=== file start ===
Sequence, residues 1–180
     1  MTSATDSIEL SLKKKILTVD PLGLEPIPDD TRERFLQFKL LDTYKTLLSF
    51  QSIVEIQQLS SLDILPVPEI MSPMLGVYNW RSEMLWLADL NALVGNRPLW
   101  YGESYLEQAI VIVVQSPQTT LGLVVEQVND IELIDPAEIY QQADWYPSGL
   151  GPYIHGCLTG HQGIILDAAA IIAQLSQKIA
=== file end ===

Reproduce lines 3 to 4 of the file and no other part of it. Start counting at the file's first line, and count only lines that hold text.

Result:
    51  QSIVEIQQLS SLDILPVPEI MSPMLGVYNW RSEMLWLADL NALVGNRPLW
   101  YGESYLEQAI VIVVQSPQTT LGLVVEQVND IELIDPAEIY QQADWYPSGL